How often should you hold your child?
MOST HELPFUL POSTS
Amanda - posted on 06/22/2009
Babies first learn trust, they learn it by adults responding to their needs. Holding a baby and responding to their every need does not make dependant children, it makes independant toddlers, and emontionally well adjusted children. The best thing you can do for your infant, is hold them, kiss them, and remind them all the time that at least one person in this world will always been there for them no matter what!
I've never understood the idea of NOT holding them all the time. The thought would have never crossed my mind not to pick them up and hold them every time they cried or asked. Maybe I have strange children, but none of them got "addicted' to being held. I found that the more I held them the LESS they demanded it. It is a need just like food or sleep, as Tamara said. When the need is met all the time, they are LESS needy, not more. That was my experience anyway.
I would hold your child as much as you can for the first 6 months - yes it can be tiring short-term but has huge benefits long-term. Contrary to popular belief, this does not spoil them or make them clingy, quite the reverse in fact. There is a baby-rearing method called the Continuum Concept that I would recommend to anyone interested in 'baby-wearing' ie having them in a sling for the early months. Children raised this way are very happy, confident, independent people.
You dont spoil a baby by giving it what it wants - you spoil it by giving it what it doesnt need.
Jessica - posted on 06/22/2009
For the first 6mths at least I was at their beck and call, I really never thought not to be. I believe babies cry for a reason and somtimes that reason is to be held. I have four very well adjusted, affectionate, and pretty independant children and have coddled every one of them. The older they get I don't run every time they fuss but they are also able to communicate with me their problem unlike an infant. My 21 mth old is going through a test phase right now where she wants to held all the time but when I tell her no and tell her to go play she understands what I'm saying and ges to play. I agree that the less a baby is held the more clingy they become in the long run.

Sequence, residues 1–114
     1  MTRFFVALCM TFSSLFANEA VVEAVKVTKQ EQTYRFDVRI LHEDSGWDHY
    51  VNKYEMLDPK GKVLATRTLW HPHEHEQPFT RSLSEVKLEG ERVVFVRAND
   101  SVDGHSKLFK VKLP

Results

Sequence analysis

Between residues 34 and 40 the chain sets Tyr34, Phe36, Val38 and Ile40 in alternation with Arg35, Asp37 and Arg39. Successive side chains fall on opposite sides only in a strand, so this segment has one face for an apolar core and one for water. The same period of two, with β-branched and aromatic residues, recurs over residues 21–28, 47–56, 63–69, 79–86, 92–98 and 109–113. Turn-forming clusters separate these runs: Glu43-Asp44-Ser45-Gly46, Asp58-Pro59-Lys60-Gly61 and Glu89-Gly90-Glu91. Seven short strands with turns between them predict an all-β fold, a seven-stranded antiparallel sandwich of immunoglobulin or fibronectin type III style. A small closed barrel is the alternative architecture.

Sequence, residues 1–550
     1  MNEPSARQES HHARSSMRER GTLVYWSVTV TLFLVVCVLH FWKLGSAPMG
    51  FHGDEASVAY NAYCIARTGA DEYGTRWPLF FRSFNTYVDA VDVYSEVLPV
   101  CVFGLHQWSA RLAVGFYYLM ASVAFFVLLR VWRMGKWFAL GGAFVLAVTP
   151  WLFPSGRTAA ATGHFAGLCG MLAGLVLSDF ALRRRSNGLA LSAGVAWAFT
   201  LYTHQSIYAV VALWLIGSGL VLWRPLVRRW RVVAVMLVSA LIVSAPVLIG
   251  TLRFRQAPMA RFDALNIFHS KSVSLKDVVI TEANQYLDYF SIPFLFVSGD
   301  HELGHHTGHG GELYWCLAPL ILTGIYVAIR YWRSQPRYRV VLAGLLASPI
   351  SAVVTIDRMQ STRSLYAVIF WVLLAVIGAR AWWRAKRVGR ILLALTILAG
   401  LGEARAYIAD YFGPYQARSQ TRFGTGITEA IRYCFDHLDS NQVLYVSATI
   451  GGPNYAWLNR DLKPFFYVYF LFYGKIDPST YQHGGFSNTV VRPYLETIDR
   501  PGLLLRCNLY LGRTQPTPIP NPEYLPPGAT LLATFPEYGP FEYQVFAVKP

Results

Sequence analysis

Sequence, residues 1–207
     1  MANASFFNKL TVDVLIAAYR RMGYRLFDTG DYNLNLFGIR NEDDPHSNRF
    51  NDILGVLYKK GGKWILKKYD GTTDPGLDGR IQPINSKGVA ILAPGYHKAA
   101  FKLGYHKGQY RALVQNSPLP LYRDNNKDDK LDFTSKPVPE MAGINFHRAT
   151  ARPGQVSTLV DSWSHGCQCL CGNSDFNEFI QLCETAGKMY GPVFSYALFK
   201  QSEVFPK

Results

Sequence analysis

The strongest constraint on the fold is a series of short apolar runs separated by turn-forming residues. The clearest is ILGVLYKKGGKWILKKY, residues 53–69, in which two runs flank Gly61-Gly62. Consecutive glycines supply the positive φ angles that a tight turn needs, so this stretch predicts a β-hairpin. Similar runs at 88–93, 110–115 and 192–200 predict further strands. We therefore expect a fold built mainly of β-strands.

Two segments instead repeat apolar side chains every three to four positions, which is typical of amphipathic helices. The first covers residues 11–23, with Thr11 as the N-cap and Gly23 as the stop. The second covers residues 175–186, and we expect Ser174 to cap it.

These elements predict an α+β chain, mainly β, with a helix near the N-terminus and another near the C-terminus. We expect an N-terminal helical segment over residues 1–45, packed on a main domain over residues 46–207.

Kate - posted on 06/26/2009
Hold the baby if they need it. Hold ANY child who is upset if they need it. Little ones should be held as much as possible. I plan to wear my newborn when he is born almost all the time, which is as much for practical reasons as emotional ones (I'll be chasing DD, 17 mo., so he will be safest in my arms). Now, DD...if she is unhappy or something is wrong I will hold her! If she just falls down or something, I wait, and if she cries I tell her to come and see me. If she doesn't cry or doesn't come to me then I assume she does not need a hug. But I hold her whenever she wants. If she is tired/hungry/sick it's a lot, nearly all the time. But usually she's so busy playing she doesn't want to be held!! This is what happens when kids know that they can always come and get held if they need it -- they spend most of their time being independent.
This is a hard question, sort of. I would say that an infant up to 10 months old should always be held when they are crying. They don't have the cognition to realize there is a cause and effect. They cry because they need something, and sometimes that something is you. How awesome is that!! Can you imagine if you husband/boyfriend cried everytime the needed or missed you!!! lol . . . anyhow, I agree with a lot of the Mom's here.. human touch is as important to an infant as the air she breaths and the food you so lovingly give her. A child needs your touch to learn comfort and love and trust. Don't deny a baby that. . . . but somewhere around 10mts (for me) my little one began to grasp the concept of Pavlov's Dogs and that's when I started to be more discerning when it came to how I responded. That was really hard on her and on me as well. I wanted to run to her every time she cried but as her mother I am also her teacher. I have worked to learn her cries (as much as a mother can) She has a definite whine and a definite 'I'm frustrated and need help' cry. And she has also learned what I will respond to. She will whine for less than 15 seconds before she gives up and moves on to something else. I do believe this is, in part, because I didn't run to her at every moment possible. I learn more about her each day and always try to respond in the best way I know how. When she's hurt I will always go to her. I am likely to disregard a whine. And all the stuff in between? Take it one cry at a time. It all depends on the situation. Trust your instinct but always know that you are laying the foundation of how they will behave tomorrow......